American Gods: Do Not Go Gentle into that Good Fight *Spoilers*

Last night, I saw the first chapter of American Gods, the new series on STARZ. It’s based on the novel American Gods by British author Neil Gaiman. Until last night, I had resisted adding STARZ, due to the enormity that is my monthly cable bill.

After my free STARZ months, I said a reluctant goodbye to The Outlander.

Recently, I learned that A Handmaid’s Tale was part of the Hulu lineup.  There are too many good shows and not enough time to watch them all, especially when it costs more. Then I read that Starz was airing a ten part series, based on American Gods, a book that I had read and greatly enjoyed. My resolve developed a serious wobble.

STARZ had me at hello, American Gods.

As the first episode ended, did I have any regrets? Absolutely not!

Rather than the soul, American Gods concerns the dark recesses of the human heart, where magical thinking, desires and grudges reside, overruling logic and dictating our choices. The opening credits alone are worth a look. The lush visuals of American Gods reflect myth and machine. They create a jumble of the bizarre and the beautiful, a dreamlike landscape, inhabited by fearsome creatures.

Gaiman’s American Gods is a war story. The old gods, brought to our shore by immigrants from different parts of the world, prepare for battle.

The first sequence involves a god carved from driftwood

Vikings land on a hostile New World shore. The bugs alone make this place a no go for the exhausted Norsemen. When the lack of a strong wind prevents their leaving, they create a god, hoping it will intercede and convince the stubborn wind to let them leave.

The god is greedy; it wants blood offerings.

The wind finally comes when half of the invaders are dead, the result of a mass sacrifice. Reluctant to linger and chance the wind changing its mind, the Vikings abandon their god in the New World along with their unburied dead.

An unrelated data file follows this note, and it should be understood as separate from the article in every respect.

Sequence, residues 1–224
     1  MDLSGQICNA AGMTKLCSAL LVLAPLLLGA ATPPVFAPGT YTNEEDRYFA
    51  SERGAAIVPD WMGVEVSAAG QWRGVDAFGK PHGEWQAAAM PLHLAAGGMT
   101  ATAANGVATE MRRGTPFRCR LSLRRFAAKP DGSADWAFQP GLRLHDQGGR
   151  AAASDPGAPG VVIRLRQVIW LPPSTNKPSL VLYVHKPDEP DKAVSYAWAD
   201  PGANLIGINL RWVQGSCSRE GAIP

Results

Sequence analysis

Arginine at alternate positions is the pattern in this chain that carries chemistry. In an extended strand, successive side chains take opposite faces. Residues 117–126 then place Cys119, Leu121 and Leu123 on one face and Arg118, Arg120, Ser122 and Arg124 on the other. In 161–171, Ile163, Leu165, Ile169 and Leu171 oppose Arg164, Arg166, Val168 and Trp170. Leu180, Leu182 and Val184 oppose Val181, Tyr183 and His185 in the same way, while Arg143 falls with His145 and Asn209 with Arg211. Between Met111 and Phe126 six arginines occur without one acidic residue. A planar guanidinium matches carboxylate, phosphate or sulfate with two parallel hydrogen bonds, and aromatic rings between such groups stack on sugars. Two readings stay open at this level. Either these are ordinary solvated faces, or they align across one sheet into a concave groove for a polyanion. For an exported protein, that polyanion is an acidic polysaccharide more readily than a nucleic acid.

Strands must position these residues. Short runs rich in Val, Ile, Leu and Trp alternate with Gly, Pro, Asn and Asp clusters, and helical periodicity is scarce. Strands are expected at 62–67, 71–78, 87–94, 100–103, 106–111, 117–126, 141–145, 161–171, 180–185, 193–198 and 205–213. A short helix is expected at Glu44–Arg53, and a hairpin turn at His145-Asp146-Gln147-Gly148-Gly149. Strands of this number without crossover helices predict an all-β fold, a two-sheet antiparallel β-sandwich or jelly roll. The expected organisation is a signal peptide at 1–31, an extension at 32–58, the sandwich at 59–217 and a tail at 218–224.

In Episode One, “The Bone Orchard,” we meet Shadow Moon, an inmate serving time in a 21st Century prison.

On parole and on his way home for his wife’s funeral, Shadow (Ricky Whittle—The 100) becomes the reluctant employee of Mr. Wednesday (Ian McShane—Ray Donovan, Deadwood plus too many to count).

A slick con artist, Mr. Wednesday embroils Shadow in the doings of the old gods, who are now scattered across the American landscape.

After losing a bar fight with Mad Sweeney (Pablo Schreiber—Orange is the New Black), a six-foot plus leprechaun, Shadow begins to doubt his sense of reality and his commitment to his employer, Mr. Wednesday. Wednesday knows that America’s new gods are homegrown. Fathered by innovation, birthed and nurtured by commerce, the new gods mean to destroy the old ones.

Neglected and forgotten, the old gods, especially Mr. Wednesday, will not go gentle.

Knowledge of Shadow as Wednesday’s new bodyguard, brings the wrath of one of the new gods, bratty know-it-all and nightmare, Technical Boy (Bruce Langley—Dead Waters). After grilling him on Wednesday’s plans, Technical Boy orders Shadow’s death, a fate Shadow barely escapes, as the episode ends.

Starz is currently airing American Gods with the last episode debuting on June 18th.

So, do any Americans, descendants of immigrants, believe in the gods of the old country?

I think some do. Ask football fans how many rituals they perform to make sure that their favorite team will win. But don’t ask them during a game; that’s bad joo joo.

 

 




Featured image via IMDb

 

Profile photo of Marjorie Kaye

Marjorie Kaye

Writer/designer, M. K. Noble lives in Southern California. After working as an actress, a casting director, and a teacher, she published a short story and co-authored articles on the science of dreams published in The Huffington Post. Discovering that her family history included a great uncle who had been an inmate at the Ohio State Penitentiary which burned to the ground in 1930, she began to write about the fire. Her grandfather’s stories about being a “charity kid” in an Ohio orphanage during the early 1900’s and what she learned about the prison fire led to the novel, The Demon Rift. Babylon Dreams, a novel taking place in virtual reality is her second novel. Currently, she is working on The Daevas, a novel chronicling the life of a woman who is stalked by demi-gods and Shemathra’s Realm, a sequel to Babylon Dreams. She blogs at Marjorie Kaye's Book Blog.

Skip to toolbar